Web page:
Lace up those boots, adventurers, and remember that the journey of a thousand miles – or, in this case, nearly 6,000 meters – begins with a single step.
Want something a bit easier?
Didn’t you promise something properly accessible?
Antarctica: Mount Vinson (4,892m / 16,050ft)
From the “Roof of Africa,” we now journey towards the heart of the chilliest, least explored, and arguably most ethereal of continents – Antarctica.
Enter Mount Vinson, the highest peak on the continent and, of course, another of the ‘seven summits’, it hasn’t made it to this list because it’s particularly accessible, but let’s be real – we’re talking about Antarctica, so accessibility isn’t exactly going to be a selling point here. It is, however, considered a non-technical peak and doesn’t require technical climbing or mountaineering skills. But don’t let this fool you because what it lacks in technical demands, it compensates with a harsh, unforgiving climate and an environment so remote that it feels otherworldly.
A stark contrast to Kilimanjaro’s surrounding verdant landscapes and thriving wildlife, Mount Vinson stands above a frozen desert with nothing but white as far as the eye can see. And yet, it’s this bleakness, this vast expanse of white and blue that makes it an utterly memorable, almost spiritual expedition.
The climb typically takes about five days, though you may spend additional time waiting at base camp for suitable weather. While it isn’t the most technically challenging climb, the physical demands can’t be understated. The high level of fitness required, coupled with the mental fortitude to endure extreme cold and wind, makes this climb a true test of one’s resilience.
Crevasses, hidden under deceptive snow bridges, pose potential dangers on the climb, but as with Kilimanjaro, very few people will ever embark on this journey without a guide. Let the guides worry about the route-finding while you focus on the experience of the challenging trek and, hopefully, the immense satisfaction of standing atop one of the most elusive peaks on the planet.
Mount Vinson is a mountain of superlatives – the last of the seven summits to be discovered, named, and climbed. It also holds the titles for being the most remote, the most expensive, and the coldest of the seven. The prospect of summiting this icy behemoth is not for the faint-hearted or the thin-walleted. A guided summit expedition will cost between $30,000 and $40,000 USD.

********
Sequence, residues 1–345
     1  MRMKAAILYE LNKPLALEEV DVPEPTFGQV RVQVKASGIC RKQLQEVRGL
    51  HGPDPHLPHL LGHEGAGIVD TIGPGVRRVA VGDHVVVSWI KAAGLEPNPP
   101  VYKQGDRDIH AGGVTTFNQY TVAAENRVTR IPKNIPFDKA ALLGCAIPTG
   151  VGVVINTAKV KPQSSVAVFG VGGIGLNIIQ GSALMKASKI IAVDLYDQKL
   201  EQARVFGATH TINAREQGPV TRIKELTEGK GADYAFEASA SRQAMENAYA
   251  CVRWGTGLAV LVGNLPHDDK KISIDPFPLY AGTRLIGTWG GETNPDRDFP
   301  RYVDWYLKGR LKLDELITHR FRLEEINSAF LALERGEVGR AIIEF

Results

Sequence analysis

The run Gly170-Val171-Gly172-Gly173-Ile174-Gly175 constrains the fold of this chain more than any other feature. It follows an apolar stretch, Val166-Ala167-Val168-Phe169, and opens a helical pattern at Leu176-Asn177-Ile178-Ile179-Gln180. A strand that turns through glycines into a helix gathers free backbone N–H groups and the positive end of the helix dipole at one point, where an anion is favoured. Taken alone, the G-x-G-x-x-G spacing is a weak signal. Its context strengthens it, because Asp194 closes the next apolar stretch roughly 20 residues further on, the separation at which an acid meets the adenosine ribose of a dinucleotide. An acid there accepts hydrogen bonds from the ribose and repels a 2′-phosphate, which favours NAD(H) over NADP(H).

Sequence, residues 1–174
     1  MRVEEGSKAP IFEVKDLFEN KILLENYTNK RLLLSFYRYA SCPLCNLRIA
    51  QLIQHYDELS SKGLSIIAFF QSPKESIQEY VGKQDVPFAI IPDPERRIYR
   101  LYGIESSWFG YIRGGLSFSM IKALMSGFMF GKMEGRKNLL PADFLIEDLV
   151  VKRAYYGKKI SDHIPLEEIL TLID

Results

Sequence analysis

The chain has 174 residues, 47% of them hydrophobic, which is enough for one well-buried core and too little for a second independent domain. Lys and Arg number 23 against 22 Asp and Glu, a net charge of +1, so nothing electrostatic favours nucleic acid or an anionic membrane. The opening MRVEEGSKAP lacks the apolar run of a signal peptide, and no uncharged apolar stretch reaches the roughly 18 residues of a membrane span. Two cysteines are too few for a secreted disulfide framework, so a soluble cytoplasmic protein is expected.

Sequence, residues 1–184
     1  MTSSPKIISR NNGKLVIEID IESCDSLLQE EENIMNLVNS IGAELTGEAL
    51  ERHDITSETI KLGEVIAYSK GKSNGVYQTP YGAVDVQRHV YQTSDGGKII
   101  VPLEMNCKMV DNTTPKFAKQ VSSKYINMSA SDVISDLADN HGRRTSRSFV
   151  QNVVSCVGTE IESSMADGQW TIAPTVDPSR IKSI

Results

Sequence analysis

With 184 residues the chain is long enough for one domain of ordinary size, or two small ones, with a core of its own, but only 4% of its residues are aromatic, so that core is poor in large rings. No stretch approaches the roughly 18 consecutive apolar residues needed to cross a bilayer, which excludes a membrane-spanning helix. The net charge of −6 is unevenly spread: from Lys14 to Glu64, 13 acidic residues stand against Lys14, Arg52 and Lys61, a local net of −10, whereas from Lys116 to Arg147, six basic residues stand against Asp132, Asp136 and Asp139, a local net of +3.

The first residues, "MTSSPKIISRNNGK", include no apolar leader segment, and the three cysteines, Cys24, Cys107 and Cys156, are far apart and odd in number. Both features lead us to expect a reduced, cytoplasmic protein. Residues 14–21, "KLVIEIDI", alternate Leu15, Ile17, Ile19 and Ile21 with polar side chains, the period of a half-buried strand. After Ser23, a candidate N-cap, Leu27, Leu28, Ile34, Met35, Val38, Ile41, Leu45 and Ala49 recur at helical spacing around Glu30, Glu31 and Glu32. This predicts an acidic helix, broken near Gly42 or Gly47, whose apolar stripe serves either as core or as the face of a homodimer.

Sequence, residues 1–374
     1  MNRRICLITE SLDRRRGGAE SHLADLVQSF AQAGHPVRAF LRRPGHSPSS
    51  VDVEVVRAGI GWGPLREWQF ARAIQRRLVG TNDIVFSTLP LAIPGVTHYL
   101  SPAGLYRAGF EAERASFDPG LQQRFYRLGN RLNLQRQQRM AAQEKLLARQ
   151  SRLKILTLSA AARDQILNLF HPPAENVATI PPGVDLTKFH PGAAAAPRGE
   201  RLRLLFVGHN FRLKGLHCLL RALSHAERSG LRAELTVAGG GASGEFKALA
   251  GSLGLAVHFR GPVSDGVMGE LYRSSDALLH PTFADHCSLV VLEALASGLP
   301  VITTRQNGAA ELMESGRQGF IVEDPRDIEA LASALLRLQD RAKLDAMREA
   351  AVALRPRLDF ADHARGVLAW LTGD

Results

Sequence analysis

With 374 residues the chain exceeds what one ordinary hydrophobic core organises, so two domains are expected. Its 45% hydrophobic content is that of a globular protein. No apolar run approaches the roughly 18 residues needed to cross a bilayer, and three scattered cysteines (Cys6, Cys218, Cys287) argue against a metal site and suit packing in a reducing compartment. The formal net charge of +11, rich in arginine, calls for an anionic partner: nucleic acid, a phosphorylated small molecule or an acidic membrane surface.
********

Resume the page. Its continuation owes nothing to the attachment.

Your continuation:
Speaking of which, a quick Google search brings up a whole bunch of tour companies that will support you on this expedition. Unsurprisingly, there aren’t a lot of reviews floating around for such a wild adventure. You might have to do your own research when choosing a guide.
If you are willing to brave the elements and have the financial means, then Mount Vinson could be the adventure you’ve been seeking.
Whatever you do, though, don’t forget your gloves.
Something a little easier?
This is Antarctica, soooo no. Just existing there is kind of hard.
Not much hope for a truly accessible option, then?
Accessibility in Antarctica is a complex issue, given the extreme weather conditions and lack of infrastructure. No peaks are readily accessible to people with physical disabilities. However, cruises that comply with the International Association of Antarctica Tour Operators (IAATO) guidelines provide as accessible an experience as possible, offering views of the icy landscapes and mountains from the ship.
Asia: Mount Damavand, Iran (5,610m / 18,406ft)
Now for the continent where all of the earth’s giants reside – Asia is home to the 188 highest peaks in the world. Choosing the highest hikeable Asian peak was a challenge, however, since a good chunk of the mountains on that list are reserved for the experienced mountaineers I keep mentioning. Even the ones classed as ‘non-technical’ peaks will mostly require crampons and ice axes, and in some cases, trekkers will even need to clip onto ropes.
Mount Damavand might not be the household name that Everest is, but reaching the summit of Iran’s highest peak is a much less daunting task. It’s generally considered one of the most approachable 5,000-meter peaks in the world.
Plus, its allure extends far beyond mere elevation. Damavand is deeply rooted in Iranian mythology, having been immortalised in countless mythical stories and the famous epic poem Shahnameh by Ferdowsi. Folklore paints this mountain as both a prison for the defeated tyrant Zahak and the launching pad for the legendary hero Arash’s arrow, which defined the territorial boundary between Iran and Turan.
Damavand’s southern face, punctuated with hot springs, is the preferred trail for most. The southern routes are considered less challenging than the other options, and there’s even a well-equipped mountain resort at 4,250 meters.